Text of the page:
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Bulbul sends vegetable prices soaring

Swathes of agricultural land destroyed by storm

By Kinsuk Basu in Calcutta

  • Published 27.11.19, 2:08 AM
  • Updated 27.11.19, 2:08 AM
The tropical cyclone that lashed seven districts of Bengal destroyed around six lakh hectares of agriculture land in North and South 24-Parganas
The tropical cyclone that lashed seven districts of Bengal destroyed around six lakh hectares of agriculture land in North and South 24-Parganas SHutterstock

If vegetables are burning a hole in your pocket at a time they usually sell cheap, blame Cyclone Bulbul.

The storm which made landfall on the Bengal coast as a severe cyclonic storm on November 9 devastated large swathes of agriculture land

in North and South 24-Parganas, the principal suppliers of vegetables to Calcutta.

As a result, the prices of many vegetables have been soaring around the time they usually remain low. Cauliflower, which would usually sell for Rs 10-20 apiece this time of the year, sold at

Rs 35-40 on Tuesday across Calcutta. Green chillies have touched the Rs 100/kg mark, while capsicum has been selling for more than Rs 80 a kg over the past few days. Cabbage is selling for

Rs 40 a kg, while brinjal’s price is varying between Rs 40 and Rs 50 a kilo.

It’s a double whammy for consumers as the price hike coincides with a steep rise in the onion price, which breached the Rs 100/kg mark on Monday.

Officials in the agricultural marketing department who have been assessing the impact of the cyclone on farmland have estimated that it would take at least three weeks for fresh produce to reach the market and prices to come down.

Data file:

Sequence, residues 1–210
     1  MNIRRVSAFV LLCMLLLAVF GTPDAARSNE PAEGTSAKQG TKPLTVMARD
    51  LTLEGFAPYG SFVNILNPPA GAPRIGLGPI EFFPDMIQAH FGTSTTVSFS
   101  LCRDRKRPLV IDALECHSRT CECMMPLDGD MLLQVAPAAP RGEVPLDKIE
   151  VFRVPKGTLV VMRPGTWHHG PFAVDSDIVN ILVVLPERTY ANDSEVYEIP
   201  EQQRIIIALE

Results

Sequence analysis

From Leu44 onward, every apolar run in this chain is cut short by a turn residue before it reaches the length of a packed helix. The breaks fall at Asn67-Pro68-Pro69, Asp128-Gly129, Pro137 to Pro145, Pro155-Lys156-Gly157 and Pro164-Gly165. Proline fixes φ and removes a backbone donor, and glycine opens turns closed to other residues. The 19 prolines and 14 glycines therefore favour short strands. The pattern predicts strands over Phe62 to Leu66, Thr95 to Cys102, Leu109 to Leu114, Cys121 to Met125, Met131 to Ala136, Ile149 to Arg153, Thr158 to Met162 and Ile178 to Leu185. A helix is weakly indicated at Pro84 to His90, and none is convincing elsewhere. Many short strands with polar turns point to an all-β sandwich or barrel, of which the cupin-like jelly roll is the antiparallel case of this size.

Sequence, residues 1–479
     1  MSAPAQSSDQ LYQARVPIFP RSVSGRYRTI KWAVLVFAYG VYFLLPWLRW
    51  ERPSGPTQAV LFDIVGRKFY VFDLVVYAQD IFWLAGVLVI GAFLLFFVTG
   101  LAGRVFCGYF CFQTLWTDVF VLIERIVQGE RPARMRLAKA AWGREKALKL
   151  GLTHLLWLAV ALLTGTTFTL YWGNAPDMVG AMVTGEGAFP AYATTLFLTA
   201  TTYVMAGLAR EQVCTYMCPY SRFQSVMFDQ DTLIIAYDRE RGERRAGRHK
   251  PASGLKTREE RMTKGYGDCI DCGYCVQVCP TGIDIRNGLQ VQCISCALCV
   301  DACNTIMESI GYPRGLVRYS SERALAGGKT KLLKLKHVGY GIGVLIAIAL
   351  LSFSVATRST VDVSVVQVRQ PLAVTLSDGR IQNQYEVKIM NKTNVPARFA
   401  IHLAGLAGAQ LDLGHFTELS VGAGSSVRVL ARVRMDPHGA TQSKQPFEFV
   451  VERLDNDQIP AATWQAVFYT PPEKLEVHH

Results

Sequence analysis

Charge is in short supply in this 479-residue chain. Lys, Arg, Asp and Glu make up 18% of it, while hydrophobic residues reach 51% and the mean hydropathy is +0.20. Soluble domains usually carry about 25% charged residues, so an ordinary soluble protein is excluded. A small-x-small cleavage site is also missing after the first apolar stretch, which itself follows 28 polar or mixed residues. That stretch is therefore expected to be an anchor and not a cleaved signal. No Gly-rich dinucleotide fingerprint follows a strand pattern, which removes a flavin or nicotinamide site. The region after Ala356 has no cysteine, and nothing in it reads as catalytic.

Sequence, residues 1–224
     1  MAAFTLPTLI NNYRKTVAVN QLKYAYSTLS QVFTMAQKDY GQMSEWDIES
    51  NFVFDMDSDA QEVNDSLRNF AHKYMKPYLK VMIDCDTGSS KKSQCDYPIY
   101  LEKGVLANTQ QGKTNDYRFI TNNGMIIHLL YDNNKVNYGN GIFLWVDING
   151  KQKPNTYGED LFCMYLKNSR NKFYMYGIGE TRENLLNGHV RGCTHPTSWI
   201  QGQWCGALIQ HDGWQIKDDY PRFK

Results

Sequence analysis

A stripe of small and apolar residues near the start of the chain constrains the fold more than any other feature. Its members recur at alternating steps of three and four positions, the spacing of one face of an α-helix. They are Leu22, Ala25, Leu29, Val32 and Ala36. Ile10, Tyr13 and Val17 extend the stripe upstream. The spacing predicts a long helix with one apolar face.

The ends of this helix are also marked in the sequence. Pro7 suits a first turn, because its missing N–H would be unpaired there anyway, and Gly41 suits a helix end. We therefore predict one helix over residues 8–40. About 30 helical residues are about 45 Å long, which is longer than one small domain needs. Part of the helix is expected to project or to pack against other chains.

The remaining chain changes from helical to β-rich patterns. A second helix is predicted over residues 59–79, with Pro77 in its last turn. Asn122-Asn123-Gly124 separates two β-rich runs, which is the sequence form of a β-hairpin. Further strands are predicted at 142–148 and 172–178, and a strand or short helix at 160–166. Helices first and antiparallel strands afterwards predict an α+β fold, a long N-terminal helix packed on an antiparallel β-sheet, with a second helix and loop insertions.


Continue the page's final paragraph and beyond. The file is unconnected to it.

The tropical cyclone that lashed seven districts of Bengal destroyed around six lakh hectares of farmland in North and South 24-Parganas, a report by the agriculture department says.

Of these, vegetables are grown on 26,000 hectares in North 24-Parganas and 16,000 hectares in South 24-Parganas.

“The two districts together are the biggest suppliers of vegetables to retail markets in Calcutta,” said Pradip Mazumdar, adviser to chief minister Mamata Banerjee on agricultural produce.

“Unlike paddy, vegetable plants die if water accumulates in the fields for around three days. Bulbul struck just when farmers were readying to harvest their produce,”

Some of the worst-hit areas are Namkhana and Kakdwip in South 24-Parganas and Bongaon, Basirhat, Sandeshkhali and Bagda in North 24-Parganas.

Farmers from these parts said acres of land with plants bearing vegetables such as cabbage, cauliflower, carrot, green chilli and brinjal were damaged following water accumulation.

“After plants wilt, farmers need time to prepare the soil for fresh sowing,” said Kamal Dey, a member of the state task force on vegetables and the president of the West Bengal Vendors’ Association.

“We have noticed that flowering has begun in some fields. Some of these vegetables are likely to reach the market by mid-December.”

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